They prepare well-researched business plans and just get on with it.

I once read a book by a Japanese-American, Robert Kiyosaki called the cashflow Quadrant, which perfectly explains the differences between people when it comes to successfully managing and/or owning a business.

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Motivation is one of the most important attributes of successful farmers.

It is very revealing to look at the ideas of Kiyosaki from the point of view of the farm business. Kiyosaki has categorized people into four sides of the quadrant as follows:

* Employee

* Business owner

* Self-employed (you got the job)

* The investor (money works for you)

Employee

Employees exchange time for money. Not many farmers are, by definition, fall into this category, but many act as though they are employees of slavishly following the same routine day in and day waiting for things to improve rather than forcing them to improve. The limit of the employee’s income is the amount of time that they work.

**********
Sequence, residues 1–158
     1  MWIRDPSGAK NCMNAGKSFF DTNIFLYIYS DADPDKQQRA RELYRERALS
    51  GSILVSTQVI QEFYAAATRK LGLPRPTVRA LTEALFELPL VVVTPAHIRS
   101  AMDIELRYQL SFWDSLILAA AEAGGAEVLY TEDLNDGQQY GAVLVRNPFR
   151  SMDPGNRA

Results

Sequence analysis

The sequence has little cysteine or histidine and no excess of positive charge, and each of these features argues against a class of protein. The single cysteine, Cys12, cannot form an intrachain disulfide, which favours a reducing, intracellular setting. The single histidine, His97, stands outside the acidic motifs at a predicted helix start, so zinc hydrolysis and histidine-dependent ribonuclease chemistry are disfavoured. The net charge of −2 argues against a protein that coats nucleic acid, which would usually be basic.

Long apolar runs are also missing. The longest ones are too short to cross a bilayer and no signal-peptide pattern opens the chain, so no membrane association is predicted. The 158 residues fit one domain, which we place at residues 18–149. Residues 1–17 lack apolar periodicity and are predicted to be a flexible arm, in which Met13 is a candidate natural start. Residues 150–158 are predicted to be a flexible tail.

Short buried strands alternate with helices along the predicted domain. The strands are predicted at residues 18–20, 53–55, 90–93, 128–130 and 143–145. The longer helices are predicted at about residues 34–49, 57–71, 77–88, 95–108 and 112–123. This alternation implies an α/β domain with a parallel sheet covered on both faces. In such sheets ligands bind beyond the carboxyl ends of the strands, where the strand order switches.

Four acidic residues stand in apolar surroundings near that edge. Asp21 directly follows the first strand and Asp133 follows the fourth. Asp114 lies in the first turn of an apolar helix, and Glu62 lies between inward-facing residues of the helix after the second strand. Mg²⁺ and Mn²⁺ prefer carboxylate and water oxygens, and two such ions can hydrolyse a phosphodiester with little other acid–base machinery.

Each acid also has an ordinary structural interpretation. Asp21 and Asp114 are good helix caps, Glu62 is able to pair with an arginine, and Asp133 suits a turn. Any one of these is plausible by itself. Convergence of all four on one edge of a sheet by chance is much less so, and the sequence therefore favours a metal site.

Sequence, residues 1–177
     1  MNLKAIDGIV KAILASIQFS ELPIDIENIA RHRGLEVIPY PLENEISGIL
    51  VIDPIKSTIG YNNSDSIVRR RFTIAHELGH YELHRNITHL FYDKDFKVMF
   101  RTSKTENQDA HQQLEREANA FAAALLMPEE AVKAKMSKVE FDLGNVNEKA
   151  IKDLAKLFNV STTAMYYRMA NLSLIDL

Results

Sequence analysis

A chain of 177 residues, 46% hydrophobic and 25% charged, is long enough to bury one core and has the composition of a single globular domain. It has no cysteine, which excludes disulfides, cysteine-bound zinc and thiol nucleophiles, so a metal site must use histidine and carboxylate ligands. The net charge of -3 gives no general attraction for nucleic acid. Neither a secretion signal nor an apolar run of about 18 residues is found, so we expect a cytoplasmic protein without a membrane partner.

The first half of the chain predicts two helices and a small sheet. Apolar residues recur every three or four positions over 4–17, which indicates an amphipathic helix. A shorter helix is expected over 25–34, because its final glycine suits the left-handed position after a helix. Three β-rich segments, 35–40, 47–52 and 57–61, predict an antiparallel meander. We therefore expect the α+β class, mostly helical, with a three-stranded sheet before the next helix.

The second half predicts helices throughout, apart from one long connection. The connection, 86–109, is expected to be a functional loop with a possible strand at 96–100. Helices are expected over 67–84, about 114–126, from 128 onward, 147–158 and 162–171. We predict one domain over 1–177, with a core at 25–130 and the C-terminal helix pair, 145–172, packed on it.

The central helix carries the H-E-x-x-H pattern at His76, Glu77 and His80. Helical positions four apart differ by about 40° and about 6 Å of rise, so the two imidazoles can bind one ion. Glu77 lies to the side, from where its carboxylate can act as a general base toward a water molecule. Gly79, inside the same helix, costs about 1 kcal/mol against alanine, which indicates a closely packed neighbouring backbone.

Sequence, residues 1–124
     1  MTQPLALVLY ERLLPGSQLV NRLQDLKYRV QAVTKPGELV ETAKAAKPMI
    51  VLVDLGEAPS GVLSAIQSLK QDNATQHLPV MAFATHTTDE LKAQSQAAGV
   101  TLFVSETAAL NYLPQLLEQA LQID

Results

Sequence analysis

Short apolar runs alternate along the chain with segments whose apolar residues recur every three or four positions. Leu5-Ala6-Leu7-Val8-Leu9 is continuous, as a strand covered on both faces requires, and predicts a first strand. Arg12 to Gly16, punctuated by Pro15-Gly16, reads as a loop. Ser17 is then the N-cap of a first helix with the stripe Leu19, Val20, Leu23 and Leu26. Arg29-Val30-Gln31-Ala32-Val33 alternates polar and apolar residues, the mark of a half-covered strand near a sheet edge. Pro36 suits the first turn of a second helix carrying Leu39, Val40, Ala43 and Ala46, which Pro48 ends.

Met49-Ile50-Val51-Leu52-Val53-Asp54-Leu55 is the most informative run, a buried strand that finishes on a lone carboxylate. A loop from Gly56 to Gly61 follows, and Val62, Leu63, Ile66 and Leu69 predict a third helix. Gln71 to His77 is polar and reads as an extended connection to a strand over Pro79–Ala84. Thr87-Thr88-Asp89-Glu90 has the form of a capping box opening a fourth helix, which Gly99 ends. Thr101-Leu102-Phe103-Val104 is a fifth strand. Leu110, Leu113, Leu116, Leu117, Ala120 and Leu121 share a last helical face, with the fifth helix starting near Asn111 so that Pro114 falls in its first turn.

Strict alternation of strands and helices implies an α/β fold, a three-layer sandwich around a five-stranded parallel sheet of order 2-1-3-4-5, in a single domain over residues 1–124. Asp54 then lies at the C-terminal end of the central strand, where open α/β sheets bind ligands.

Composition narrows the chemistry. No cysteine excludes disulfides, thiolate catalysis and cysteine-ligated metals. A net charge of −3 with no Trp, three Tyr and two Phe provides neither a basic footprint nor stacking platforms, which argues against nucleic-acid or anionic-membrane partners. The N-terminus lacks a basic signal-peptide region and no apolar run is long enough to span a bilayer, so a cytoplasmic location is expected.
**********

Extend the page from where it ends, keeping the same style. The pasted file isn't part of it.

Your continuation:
Self-employed

A self-employed person is one who owns the work. In General, they work very hard, very good at what they do, poor delegate and the cemetery is full of them. At their funeral, you can hear the burble friends and relations, such as “he was a man for work”, “his children do not keep my coat.” The limit of income of self-employed at the same time they work. Many, if not most Irish farmers fall into this category.

Business owner

He/she hires people to they could do more. The ability to manage people is a prerequisite to be a successful business owner. This is a new breed of the Irish farmer, they work smarter, not harder. More Irish farmers should strive to get into this category.

Investor

The investor is someone who invests money in the business but not the owner of this business. This is a man who uses money to generate income. This is a new concept in Irish agriculture, but a real example is a scheme to stimulate employment, Investment (eiis).